“I can’t do a thing with it. I seen a few of these though,” he added dolefully. “The son of a man with a head that lay on his shoulder sold them to you, right?”

I wanted to say, “Not to me, to my mother,” but that would have been even more shameful. “I found the knife,” I said.

It was only two months after the son of Tilt sold my mother the knives that my mother took me to a fancy store to buy both of us something to wear to a relative’s Bar Mitzvah. She believed if we wore something obviously costly, she could get the extended family to see that although my parents owned a small grocery store, they had big bucks. For once, she was going to get people to believe her, or so she thought. The fallacy of her system began as soon as we walked into the store. My mother had on what she wore to work in my father’s grocery store—black molded shoes, elastic stockings, and my father’s plaid flannel shirt that was long and took the brunt of pickle barrel splash. Right away, you could see the shop womens’ noses go up. They didn’t believe she had the money to buy even a button at that store, so they waited on other people instead. Who would believe my mother, dressed like that, would have four hundred bucks, cash, in her pocket, ready to spend? To get someone to wait on her, she took the four hundred dollars from her pocket and flashed it around. Then the shop girls swarmed us like wasps.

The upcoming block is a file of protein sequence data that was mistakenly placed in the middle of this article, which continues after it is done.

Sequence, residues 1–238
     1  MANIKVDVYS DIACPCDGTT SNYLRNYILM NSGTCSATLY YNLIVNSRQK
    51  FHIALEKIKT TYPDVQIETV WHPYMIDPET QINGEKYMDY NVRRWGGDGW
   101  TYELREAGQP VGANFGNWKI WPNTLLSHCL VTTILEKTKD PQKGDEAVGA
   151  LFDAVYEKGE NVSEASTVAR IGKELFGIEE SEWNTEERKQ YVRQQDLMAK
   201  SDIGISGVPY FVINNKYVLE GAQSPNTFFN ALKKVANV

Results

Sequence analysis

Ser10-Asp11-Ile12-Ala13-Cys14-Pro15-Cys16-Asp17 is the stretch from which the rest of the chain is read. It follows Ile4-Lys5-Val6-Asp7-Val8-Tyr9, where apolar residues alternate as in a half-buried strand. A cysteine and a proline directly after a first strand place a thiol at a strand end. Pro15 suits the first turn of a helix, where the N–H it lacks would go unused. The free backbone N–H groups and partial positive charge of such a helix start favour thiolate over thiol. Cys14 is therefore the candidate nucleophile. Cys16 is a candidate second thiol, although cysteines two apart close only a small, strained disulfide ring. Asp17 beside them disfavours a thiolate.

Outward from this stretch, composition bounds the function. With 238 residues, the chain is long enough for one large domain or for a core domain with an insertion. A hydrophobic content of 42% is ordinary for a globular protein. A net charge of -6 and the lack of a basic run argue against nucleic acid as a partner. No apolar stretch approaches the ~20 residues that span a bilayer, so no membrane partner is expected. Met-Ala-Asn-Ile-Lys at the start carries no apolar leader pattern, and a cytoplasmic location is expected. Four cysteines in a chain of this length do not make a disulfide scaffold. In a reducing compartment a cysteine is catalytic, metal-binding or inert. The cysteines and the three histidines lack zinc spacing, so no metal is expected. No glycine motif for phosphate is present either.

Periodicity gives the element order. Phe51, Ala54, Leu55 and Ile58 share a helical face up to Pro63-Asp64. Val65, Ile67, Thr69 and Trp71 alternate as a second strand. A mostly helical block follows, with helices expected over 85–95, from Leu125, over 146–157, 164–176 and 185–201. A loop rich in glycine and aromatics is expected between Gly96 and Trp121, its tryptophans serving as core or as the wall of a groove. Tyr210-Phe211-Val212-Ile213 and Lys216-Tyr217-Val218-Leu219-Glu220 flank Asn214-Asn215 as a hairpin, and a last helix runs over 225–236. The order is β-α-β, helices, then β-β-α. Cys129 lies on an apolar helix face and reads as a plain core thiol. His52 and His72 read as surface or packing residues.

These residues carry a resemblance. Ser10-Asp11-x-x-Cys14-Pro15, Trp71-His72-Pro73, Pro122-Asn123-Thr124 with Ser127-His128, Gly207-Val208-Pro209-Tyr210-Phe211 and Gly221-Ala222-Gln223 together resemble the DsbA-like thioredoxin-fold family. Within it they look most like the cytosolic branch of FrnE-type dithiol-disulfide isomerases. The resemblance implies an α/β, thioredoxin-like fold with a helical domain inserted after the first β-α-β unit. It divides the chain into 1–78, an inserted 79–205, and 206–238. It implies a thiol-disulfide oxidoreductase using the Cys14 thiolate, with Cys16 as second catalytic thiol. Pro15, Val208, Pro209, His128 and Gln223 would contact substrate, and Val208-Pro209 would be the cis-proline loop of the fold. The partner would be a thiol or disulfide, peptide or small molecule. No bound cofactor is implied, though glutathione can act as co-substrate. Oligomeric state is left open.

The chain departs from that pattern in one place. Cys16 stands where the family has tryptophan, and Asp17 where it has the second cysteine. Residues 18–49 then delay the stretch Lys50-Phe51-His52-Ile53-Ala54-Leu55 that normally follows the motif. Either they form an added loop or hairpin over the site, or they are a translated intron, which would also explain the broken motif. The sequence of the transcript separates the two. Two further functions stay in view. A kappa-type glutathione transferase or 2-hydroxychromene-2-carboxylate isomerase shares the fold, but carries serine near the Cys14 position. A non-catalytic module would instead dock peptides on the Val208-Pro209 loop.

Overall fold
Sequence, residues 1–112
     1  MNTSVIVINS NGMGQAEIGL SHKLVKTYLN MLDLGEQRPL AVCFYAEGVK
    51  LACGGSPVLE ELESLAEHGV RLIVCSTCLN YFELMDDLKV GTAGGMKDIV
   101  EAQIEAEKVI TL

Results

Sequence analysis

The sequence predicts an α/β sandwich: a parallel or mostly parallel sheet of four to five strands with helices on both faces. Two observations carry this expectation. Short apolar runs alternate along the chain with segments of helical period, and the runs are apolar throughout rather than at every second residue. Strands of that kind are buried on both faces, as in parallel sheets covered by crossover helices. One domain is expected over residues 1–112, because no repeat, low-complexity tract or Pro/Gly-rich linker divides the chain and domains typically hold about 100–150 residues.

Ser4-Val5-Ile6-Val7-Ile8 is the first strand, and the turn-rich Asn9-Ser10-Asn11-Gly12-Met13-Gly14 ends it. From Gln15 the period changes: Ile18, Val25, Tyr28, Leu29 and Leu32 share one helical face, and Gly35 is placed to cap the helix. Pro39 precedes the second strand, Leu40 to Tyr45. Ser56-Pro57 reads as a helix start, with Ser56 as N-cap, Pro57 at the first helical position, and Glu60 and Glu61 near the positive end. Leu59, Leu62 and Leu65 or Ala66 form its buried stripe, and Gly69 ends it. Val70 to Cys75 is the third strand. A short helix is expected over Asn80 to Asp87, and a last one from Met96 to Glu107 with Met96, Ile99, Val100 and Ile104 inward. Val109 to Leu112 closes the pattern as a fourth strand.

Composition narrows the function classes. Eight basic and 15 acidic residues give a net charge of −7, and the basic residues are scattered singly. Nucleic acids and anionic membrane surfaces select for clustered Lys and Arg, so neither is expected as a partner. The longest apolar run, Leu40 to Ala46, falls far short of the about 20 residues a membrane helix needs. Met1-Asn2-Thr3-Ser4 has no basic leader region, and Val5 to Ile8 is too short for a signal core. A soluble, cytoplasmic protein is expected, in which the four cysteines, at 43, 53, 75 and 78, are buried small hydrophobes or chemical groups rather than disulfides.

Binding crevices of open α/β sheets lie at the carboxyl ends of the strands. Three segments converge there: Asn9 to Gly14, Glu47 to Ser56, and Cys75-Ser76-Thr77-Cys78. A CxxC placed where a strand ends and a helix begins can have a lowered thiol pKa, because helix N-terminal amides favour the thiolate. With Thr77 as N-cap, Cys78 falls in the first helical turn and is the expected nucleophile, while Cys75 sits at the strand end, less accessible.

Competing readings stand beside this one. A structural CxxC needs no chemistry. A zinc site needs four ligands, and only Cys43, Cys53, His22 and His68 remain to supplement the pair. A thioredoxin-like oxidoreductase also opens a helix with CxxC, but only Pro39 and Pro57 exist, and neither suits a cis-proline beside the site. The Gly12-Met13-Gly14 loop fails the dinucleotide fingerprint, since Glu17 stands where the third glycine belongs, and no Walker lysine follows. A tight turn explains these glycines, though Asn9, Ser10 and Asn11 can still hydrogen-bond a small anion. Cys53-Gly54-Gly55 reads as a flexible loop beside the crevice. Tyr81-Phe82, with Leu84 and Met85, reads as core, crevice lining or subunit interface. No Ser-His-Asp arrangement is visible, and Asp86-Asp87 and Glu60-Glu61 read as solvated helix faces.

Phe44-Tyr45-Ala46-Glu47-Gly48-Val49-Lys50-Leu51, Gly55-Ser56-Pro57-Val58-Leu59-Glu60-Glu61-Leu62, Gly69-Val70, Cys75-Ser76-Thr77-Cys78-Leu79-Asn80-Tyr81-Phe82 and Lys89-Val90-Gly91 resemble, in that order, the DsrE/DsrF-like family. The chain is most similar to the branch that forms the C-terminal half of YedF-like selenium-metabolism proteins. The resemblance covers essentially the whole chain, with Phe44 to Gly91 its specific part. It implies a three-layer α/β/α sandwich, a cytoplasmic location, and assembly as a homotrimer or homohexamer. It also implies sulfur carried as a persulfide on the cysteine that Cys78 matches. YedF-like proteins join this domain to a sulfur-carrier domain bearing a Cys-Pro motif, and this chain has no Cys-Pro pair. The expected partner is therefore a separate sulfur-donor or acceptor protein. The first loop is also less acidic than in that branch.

“Mom, there’s nothing I would wear from this store,” I told her. “It’s for mothers and grandmothers,” but having convinced the salespeople that she was in the money, her ears and perhaps her whole head filled with cotton balls. She bought herself a black suit with a Persian lamb collar. Even though I was yelling “no, no, no,” she bought me a similar suit, but mine was a tweedy brown and the lamb collar was dyed brown too. Or are there brown Persian lambs? And of course, the bill came to four hundred dollars, not a penny less, and that was still fifty-two years ago so you can just imagine the cost today.

The store’s tailor altered the suits for us. Mine had to be taken in a lot. With the lining and the thickness of the fabric, when I sat down, I felt like I was sitting on a double, super-sized Kotex pad. At the bar mitzvah, none of the relatives believed my mother was rich because we wore those pricey suits. What happened was, in my get-up, people mistook me for my mother’s older sister, my Auntie Ethel.